Access: Database Tables

January 1, 2017

Designing an effective database with flexibility requires planning. There are various parts that need to work together to produce the results you need. The most important objects in a database are tables because they store the data. Planning how the data will be stored and structured in tables is critical.


When planning your database, think about what you have to put in rather than focusing on the output, like reports. The data structure—how your tables and relationships are set up—is like the foundation of a building. It needs to be organized well and constructed solidly so that what gets built on top is stable and flexible.


Any database construction should begin with structuring data, but be prepared to make changes as you develop the database. As you get a better understanding of the shape and form the database is taking, you want to translate that increased knowledge into improving the data structure.




Tables are composed of fields. Each field has a name, a data type, size, and other properties. A property is a descriptor, much like someone’s physical appearance can be described by characteristics such as gender, height, weight, eye color, and hair color.


Deciding how to organize fields into each table is driven by how things relate in the real world. Think of the different “nouns” (people, places, things, events) that you will track in your database: customers, addresses, phone numbers, invoices, notes, products, purchases, payments, and so on. These main ideas will become tables. And each of these nouns will be described with adjectives, or fields.


Figure 1, for example, shows three tables: ProdSales, Products, and ProdCat. Each of those represents a different “noun”: sale, product, and category. Each respective table then includes fields that describe these nouns. The ProdSales table stores information about each sale. The product sold is stored in a field called ProductID. The first record shows that the ProductID is 12. In the Products table, you can see that 12 is a trumpet with a ProdCatID of 4. The ProdCat table shows that 4 represents the Brass product category.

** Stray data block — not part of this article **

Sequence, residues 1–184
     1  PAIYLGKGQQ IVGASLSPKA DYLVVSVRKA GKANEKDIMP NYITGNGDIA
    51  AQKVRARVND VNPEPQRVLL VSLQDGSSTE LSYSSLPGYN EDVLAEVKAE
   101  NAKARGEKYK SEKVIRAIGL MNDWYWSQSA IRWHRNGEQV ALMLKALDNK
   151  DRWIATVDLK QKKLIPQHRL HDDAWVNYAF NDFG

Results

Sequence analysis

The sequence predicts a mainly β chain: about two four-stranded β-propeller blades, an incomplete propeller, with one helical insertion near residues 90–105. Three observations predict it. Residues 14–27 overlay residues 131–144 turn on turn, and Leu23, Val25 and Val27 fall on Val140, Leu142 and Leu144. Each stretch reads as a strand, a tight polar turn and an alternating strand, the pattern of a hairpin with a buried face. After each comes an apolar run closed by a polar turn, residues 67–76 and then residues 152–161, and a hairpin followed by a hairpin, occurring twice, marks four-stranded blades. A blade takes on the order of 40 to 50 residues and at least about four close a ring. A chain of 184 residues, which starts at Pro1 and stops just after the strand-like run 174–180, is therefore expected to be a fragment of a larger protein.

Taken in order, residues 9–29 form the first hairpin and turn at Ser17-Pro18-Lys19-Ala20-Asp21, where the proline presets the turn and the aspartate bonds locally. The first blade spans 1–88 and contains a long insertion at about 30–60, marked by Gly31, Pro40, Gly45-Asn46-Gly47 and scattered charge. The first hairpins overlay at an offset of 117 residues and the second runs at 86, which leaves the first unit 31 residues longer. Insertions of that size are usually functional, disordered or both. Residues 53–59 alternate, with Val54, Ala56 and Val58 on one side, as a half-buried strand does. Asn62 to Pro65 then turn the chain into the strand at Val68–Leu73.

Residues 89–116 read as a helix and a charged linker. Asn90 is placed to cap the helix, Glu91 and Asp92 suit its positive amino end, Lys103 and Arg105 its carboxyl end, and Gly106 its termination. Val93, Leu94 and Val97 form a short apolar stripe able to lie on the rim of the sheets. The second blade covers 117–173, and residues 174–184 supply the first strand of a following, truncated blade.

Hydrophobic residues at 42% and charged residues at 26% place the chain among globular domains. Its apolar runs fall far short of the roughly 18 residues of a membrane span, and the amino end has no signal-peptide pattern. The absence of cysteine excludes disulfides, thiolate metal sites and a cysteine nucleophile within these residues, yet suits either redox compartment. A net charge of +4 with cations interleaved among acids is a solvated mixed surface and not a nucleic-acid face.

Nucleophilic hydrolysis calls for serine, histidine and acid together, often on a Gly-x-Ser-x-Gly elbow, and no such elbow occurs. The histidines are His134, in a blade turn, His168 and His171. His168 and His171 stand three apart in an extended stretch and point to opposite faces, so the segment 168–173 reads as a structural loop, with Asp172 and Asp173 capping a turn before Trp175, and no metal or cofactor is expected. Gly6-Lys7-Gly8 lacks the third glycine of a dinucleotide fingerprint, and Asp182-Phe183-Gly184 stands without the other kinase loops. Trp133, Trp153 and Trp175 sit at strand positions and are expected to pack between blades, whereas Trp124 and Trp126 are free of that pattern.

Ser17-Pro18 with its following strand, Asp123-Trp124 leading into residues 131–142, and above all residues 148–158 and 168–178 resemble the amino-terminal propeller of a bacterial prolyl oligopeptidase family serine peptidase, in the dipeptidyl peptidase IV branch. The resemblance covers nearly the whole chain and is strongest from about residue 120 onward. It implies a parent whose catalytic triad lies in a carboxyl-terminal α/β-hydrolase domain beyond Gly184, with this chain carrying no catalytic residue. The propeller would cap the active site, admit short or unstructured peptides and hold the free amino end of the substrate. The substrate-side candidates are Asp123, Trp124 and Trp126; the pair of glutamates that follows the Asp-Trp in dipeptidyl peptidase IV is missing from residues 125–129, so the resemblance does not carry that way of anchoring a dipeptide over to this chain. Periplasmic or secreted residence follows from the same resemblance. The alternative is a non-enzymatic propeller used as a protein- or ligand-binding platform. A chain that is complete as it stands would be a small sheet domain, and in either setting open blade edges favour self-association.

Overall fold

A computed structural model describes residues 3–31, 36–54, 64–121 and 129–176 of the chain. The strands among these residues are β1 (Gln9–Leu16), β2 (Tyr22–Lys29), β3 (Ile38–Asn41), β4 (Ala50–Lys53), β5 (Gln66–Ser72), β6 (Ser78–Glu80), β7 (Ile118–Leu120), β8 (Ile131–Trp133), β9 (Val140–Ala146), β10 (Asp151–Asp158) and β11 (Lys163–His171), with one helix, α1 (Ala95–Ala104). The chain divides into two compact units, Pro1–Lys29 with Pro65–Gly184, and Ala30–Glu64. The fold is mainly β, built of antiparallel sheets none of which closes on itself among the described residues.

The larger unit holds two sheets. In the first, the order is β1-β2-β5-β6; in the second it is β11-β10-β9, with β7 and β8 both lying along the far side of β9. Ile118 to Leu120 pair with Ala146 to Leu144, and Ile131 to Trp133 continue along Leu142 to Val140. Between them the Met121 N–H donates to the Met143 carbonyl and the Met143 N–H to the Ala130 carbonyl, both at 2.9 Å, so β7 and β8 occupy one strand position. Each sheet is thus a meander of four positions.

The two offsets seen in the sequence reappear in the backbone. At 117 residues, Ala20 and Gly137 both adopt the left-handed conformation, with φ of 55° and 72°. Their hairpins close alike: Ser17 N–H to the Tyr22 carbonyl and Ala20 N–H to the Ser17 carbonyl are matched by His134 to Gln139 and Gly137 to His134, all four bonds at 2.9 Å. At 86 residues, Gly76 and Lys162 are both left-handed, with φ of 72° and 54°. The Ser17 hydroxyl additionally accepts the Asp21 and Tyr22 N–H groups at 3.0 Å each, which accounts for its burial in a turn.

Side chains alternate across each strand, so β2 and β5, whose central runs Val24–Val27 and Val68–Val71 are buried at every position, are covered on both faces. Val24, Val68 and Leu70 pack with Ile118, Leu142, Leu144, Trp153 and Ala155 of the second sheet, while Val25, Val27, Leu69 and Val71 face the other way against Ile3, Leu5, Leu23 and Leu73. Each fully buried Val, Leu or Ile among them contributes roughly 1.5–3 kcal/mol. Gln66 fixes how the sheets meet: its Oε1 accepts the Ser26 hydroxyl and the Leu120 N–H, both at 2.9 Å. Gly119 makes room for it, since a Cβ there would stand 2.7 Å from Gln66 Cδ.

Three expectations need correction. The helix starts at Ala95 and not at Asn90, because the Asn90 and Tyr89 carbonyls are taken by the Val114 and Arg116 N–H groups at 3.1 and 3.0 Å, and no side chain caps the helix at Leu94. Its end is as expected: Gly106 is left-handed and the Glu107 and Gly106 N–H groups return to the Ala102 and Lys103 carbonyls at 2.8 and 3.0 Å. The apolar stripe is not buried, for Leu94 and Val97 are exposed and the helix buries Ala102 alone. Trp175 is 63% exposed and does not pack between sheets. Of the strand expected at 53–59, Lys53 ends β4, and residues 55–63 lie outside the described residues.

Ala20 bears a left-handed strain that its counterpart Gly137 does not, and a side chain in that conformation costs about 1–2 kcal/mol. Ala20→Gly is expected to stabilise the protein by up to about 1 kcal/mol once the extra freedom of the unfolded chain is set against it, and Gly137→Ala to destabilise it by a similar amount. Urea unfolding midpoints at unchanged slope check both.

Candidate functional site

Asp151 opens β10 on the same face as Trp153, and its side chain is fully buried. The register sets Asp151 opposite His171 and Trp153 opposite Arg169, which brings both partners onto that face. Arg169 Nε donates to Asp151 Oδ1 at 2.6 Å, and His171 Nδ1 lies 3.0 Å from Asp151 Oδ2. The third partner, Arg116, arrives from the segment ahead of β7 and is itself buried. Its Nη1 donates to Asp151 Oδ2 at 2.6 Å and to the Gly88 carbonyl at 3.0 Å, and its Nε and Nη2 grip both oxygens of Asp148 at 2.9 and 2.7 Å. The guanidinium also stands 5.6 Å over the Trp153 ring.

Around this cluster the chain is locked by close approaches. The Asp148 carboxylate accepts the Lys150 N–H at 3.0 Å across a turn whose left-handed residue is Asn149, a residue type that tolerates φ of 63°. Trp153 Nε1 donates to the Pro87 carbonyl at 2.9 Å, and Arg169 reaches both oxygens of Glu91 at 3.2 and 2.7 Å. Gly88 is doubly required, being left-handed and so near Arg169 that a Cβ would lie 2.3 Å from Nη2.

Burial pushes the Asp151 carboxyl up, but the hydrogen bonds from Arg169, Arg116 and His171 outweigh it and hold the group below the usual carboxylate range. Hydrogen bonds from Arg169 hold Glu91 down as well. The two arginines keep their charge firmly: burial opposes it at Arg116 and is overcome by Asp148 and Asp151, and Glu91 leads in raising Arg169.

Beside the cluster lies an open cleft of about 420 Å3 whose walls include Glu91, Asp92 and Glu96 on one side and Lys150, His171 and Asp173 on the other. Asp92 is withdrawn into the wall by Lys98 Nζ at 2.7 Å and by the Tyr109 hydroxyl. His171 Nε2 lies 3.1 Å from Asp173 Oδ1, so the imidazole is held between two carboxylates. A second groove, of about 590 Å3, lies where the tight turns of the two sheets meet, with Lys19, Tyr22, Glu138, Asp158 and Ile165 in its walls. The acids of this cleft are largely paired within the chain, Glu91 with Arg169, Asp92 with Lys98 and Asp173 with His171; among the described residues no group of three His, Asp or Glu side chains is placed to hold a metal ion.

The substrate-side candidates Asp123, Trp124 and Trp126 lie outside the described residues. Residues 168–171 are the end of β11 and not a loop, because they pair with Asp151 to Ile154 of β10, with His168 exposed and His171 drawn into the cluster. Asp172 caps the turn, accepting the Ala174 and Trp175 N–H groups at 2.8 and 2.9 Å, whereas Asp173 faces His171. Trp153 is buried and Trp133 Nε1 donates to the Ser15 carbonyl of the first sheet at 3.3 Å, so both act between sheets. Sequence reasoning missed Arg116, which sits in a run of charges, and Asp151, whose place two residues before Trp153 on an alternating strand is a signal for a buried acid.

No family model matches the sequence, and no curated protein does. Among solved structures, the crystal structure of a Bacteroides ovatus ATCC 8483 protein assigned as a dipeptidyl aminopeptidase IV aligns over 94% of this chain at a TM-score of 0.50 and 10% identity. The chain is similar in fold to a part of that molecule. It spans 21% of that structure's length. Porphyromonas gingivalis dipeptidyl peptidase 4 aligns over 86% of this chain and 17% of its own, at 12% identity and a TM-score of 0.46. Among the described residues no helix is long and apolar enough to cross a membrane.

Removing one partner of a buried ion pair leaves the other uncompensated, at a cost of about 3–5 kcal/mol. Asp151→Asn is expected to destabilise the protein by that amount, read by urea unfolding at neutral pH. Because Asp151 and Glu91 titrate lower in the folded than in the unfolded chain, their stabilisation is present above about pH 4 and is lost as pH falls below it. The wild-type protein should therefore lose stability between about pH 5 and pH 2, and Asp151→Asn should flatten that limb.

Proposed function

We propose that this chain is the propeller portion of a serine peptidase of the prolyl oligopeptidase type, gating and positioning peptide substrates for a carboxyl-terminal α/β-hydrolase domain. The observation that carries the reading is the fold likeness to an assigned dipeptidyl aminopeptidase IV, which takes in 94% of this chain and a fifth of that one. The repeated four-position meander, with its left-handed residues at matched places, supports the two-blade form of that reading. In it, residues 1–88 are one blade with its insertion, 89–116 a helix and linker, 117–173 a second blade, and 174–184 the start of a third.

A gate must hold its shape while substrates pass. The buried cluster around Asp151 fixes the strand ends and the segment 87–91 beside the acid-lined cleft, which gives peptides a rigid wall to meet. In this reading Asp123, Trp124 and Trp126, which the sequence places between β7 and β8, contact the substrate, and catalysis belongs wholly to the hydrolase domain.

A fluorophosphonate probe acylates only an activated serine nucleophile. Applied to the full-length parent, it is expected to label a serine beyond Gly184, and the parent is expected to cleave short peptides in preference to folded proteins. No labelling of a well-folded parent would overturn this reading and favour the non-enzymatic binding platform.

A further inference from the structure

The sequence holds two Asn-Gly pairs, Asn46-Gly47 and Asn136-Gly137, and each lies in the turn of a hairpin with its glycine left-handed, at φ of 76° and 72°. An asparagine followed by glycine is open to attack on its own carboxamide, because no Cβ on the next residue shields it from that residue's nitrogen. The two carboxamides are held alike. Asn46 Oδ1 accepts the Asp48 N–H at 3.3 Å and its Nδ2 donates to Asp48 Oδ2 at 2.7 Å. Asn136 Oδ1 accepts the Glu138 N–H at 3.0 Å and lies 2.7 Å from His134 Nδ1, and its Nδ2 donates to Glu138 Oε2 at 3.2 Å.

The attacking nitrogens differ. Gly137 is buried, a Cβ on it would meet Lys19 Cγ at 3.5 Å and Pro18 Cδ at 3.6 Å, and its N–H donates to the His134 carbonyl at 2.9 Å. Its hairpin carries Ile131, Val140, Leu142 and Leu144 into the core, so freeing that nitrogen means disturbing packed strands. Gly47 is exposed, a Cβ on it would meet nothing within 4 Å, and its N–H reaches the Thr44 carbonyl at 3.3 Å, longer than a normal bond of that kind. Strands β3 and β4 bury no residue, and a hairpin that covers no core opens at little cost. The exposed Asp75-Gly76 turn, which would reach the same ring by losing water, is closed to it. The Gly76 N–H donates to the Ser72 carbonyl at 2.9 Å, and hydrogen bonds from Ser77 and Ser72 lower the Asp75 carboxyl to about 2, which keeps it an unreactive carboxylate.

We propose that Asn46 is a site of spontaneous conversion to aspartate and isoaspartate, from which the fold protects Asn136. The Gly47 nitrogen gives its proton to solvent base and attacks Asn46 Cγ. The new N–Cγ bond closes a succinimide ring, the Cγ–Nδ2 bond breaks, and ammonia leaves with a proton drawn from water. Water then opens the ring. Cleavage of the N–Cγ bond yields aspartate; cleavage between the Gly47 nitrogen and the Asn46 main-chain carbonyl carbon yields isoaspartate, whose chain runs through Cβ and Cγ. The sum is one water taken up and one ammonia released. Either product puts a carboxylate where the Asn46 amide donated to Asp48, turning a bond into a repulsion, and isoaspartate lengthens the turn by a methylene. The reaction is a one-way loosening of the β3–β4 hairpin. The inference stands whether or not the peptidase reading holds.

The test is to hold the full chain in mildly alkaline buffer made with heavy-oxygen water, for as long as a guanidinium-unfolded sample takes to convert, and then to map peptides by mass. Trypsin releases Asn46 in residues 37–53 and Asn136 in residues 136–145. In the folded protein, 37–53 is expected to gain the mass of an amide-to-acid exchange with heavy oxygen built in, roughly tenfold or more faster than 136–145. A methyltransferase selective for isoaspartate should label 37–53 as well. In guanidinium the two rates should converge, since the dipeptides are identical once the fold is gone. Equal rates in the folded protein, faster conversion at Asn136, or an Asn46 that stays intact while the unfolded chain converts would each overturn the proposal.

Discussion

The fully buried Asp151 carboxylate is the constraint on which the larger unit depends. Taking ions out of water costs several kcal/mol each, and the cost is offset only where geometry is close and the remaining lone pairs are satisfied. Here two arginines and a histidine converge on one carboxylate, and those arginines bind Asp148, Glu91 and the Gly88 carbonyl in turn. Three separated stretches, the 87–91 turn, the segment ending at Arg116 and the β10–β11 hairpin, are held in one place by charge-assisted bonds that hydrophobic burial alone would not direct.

Layout 1


Each table should have a primary key. The primary key is a field (or combination of fields) that has a unique value for each record in that table. Often, this involves creating a number field that gets its value automatically (AutoNumber), such as the ProdSaleID field in the ProdSale table.




When you double-click a table in the Navigation Pane, it opens in Datasheet view. This view looks like Excel with rows (records) and columns (fields). In the lower left are buttons you can click to move to the first, previous, next, and last records. To create a new record, click the button with a yellow sunburst. Records are always added at the end.


You can also see which record number you are on and how many records are in the table. To quickly move to a record, click in the Record Number area, type a number, and then press Enter. Record numbers change depending on how the data is sorted.


At the top of each column is the field name. Next to the name is a down arrow you can click to sort and filter. Sorting rearranges the data. Filtering limits the records that are displayed.




To modify a table, right-click a table name in the Navigation Pane and choose Design view. If the table is already open, click the icon on the ribbon in the View group to change to Design view. Figure 2 shows the ProdSales table in Design view.


Layout 1


At the top are the field names, data types, and field description. The lower pane shows additional properties of the selected field. What’s displayed there varies depending on the field’s data type.


Field names can be 64 characters, which is more than you should use since names should be concise yet descriptive. Always start names with a letter and avoid using spaces or special characters (except an underscore). Each field name must be unique in each table and, with the exception of key fields (primary key and foreign key fields should have the same name in different tables since they are the same data), it’s good for the fieldname to be unique in the database. Field names may contain digits, but using numbers in a name is often an indicator that the data isn’t structured well.


For data type, you can choose Short Text, Long Text, Number, Date/Time, Currency, AutoNumber, Yes/No, OLE Object, Hyperlink, Attachment, Calculated, and Lookup Wizard. (We’ll look into these more deeply next month.)


Finally, the description is for explanations to provide more detail about the field. It’s a good idea to fill this out using content helpful to the database user, not the developer. When fields are dragged into a form for data entry, the description is used for Status Bar Text, which is displayed in the lower-left corner of the screen. Download this month’s database: sf-1701-designing-adatabase.


Crystal Long teaches and develops with Microsoft Access, Excel, and Office and specializes in remote training. She connects and helps as your project is built. Visit www.MSAccessGurus.com for information. Share your perspective! Add your comments about the article below.
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